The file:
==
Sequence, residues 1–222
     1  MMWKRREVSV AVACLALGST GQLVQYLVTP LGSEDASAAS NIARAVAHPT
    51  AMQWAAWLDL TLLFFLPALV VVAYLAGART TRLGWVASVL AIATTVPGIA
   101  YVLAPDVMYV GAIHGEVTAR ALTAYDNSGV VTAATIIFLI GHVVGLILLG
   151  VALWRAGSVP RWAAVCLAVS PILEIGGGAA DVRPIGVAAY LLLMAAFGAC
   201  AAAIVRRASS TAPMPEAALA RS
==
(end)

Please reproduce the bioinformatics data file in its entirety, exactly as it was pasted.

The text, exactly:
Sequence, residues 1–222
     1  MMWKRREVSV AVACLALGST GQLVQYLVTP LGSEDASAAS NIARAVAHPT
    51  AMQWAAWLDL TLLFFLPALV VVAYLAGART TRLGWVASVL AIATTVPGIA
   101  YVLAPDVMYV GAIHGEVTAR ALTAYDNSGV VTAATIIFLI GHVVGLILLG
   151  VALWRAGSVP RWAAVCLAVS PILEIGGGAA DVRPIGVAAY LLLMAAFGAC
   201  AAAIVRRASS TAPMPEAALA RS